PHOENIX - California Republicans have asked the Trump administration to block federal aid to the state's high speed rail project, pointing to reported cost overruns.
The request came in the form of a Jan. 24 letter to new Transportation Secretary Elaine Chao, asking that a proposed $650 million of federal grants for California's high speed rail project be rejected. The letter bore the signatures of all 14 California Republican members of congress. The project, controversial from the start, is run the by the California High-Speed Rail Authority and is supported by a nearly $10 billion bond measure passed in 2008. Multiple lawsuits are now targeting the project's authority to use some of that debt.
The letter cites a Los Angeles Times story about a Federal Railroad Administration report that the project is facing overruns that could end up costing California taxpayers as much as 50% more, some $3.6 billion, than estimated. The High-Speed Rail Authority has denied the conclusion of the Times report, saying that it "fundamentally misrepresents the document it purported to report on, as well as the status of the program."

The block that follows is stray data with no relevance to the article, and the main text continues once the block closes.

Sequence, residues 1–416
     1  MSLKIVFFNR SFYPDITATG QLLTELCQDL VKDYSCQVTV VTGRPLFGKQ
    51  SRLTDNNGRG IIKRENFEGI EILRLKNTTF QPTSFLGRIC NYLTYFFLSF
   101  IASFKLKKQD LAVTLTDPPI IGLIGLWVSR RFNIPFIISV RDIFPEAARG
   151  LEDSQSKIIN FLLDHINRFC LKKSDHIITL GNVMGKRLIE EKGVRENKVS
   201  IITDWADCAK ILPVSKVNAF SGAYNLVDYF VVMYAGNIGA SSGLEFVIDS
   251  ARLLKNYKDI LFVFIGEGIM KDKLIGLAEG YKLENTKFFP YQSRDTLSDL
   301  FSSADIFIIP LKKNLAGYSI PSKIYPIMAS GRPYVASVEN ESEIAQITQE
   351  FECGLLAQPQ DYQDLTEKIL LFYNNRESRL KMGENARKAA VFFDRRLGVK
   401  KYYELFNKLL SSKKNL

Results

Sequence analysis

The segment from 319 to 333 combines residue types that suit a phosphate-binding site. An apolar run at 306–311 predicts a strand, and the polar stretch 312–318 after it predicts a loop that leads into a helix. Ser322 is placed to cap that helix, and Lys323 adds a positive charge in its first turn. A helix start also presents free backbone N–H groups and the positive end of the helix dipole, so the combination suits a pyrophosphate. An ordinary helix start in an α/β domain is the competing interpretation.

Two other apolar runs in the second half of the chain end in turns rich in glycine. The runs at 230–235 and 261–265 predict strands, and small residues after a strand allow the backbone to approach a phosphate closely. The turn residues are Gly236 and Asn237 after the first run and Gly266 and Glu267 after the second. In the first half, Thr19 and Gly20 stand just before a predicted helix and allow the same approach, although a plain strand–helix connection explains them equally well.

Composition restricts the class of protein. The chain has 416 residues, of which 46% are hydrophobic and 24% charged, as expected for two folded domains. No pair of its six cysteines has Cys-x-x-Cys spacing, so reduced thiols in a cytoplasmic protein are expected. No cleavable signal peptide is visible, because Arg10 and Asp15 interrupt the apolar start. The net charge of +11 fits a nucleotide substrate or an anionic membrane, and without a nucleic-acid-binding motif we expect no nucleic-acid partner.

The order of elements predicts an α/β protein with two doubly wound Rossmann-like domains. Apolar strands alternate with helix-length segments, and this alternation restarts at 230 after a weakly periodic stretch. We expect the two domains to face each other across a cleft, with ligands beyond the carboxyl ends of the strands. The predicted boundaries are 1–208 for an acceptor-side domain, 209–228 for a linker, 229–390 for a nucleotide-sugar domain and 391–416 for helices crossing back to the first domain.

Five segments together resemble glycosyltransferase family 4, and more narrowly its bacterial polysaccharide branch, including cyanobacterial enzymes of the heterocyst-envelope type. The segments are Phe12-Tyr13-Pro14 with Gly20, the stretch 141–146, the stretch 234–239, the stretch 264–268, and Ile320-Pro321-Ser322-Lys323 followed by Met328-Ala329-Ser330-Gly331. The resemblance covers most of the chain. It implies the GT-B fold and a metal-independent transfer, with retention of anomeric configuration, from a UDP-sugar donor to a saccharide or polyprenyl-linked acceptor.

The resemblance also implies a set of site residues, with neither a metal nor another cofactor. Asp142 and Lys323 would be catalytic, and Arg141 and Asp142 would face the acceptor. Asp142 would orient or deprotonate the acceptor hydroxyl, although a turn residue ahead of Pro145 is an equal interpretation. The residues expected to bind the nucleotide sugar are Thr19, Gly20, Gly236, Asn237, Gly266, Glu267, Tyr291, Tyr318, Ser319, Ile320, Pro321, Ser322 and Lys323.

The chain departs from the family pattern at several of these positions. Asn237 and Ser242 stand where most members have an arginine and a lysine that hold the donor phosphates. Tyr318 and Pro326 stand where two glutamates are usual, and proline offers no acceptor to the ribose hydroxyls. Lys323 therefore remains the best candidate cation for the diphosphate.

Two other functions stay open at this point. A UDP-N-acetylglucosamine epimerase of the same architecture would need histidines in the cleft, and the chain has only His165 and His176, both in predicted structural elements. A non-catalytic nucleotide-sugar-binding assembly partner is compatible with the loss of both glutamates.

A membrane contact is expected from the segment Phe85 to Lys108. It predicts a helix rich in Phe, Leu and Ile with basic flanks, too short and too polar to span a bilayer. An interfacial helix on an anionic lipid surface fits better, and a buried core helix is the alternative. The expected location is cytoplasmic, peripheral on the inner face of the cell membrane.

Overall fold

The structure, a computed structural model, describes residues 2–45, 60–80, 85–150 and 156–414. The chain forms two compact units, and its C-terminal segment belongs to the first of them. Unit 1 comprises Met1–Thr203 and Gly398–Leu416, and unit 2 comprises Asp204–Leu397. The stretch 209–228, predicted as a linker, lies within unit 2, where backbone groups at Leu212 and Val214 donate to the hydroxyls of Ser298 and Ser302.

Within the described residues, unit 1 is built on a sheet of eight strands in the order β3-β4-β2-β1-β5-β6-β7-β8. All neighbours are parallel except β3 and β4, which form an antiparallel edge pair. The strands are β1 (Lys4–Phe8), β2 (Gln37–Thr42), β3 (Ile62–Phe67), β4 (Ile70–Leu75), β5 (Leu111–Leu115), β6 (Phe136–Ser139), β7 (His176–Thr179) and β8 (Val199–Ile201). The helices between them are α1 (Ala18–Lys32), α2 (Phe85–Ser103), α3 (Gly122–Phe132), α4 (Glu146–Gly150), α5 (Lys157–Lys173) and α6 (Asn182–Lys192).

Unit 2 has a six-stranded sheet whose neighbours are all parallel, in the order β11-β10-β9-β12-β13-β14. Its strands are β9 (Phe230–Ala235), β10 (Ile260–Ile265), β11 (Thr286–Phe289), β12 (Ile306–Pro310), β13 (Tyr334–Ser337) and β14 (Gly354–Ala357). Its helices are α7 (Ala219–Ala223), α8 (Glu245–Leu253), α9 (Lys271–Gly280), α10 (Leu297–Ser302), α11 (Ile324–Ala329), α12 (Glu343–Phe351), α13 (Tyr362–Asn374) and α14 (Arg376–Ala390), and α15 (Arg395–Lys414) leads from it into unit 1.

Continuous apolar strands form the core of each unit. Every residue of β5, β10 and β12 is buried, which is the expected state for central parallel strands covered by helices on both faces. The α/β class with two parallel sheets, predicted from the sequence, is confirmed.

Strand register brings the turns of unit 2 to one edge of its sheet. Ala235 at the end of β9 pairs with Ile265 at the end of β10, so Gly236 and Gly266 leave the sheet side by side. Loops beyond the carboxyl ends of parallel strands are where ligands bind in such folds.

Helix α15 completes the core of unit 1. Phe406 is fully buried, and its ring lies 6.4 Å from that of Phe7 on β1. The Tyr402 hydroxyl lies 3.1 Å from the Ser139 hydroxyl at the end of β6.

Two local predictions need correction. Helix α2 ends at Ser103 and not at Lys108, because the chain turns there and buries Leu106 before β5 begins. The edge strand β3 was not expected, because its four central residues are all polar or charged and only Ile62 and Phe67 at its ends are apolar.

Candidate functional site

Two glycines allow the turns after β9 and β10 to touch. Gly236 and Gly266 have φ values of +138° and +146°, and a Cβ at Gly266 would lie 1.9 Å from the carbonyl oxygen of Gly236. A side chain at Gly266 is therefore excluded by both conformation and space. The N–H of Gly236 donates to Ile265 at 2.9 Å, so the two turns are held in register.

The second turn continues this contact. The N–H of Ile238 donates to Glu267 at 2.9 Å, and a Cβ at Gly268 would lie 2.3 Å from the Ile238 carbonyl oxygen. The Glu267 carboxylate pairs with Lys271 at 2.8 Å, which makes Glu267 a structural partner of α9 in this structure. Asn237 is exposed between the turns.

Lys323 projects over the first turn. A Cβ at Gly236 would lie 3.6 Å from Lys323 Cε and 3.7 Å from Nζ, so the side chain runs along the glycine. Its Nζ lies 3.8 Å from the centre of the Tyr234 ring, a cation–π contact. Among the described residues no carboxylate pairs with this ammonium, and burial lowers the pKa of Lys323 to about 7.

"The article misuses deliberative information to suggest cost overruns, delays and potential lapses of funds that are not borne out by facts," the authority said in a statement.
Nonetheless, the GOP signatories to the Jan. 24 letter said that they believe it would be irresponsible to entrust more money to the authority now, and asked that Chao not approve any more federal dollars to support the project until it was thoroughly audited.
State Democrats sent their own letter, dated Feb. 3, asserting that the benefits of the proposed grant are separate from the high-speed rail project, and that the money will support the electrification of existing rail service to allow Caltrain to phase out aging diesel locomotives. The Democrats urged Chao to approve the grant when it reaches the end of its Congressional review period Feb. 18.
Infrastructure investment, including high-speed rail, was a cornerstone of Trump's domestic policy during the presidential campaign. He hasn't commented on whether or not he supports the California project.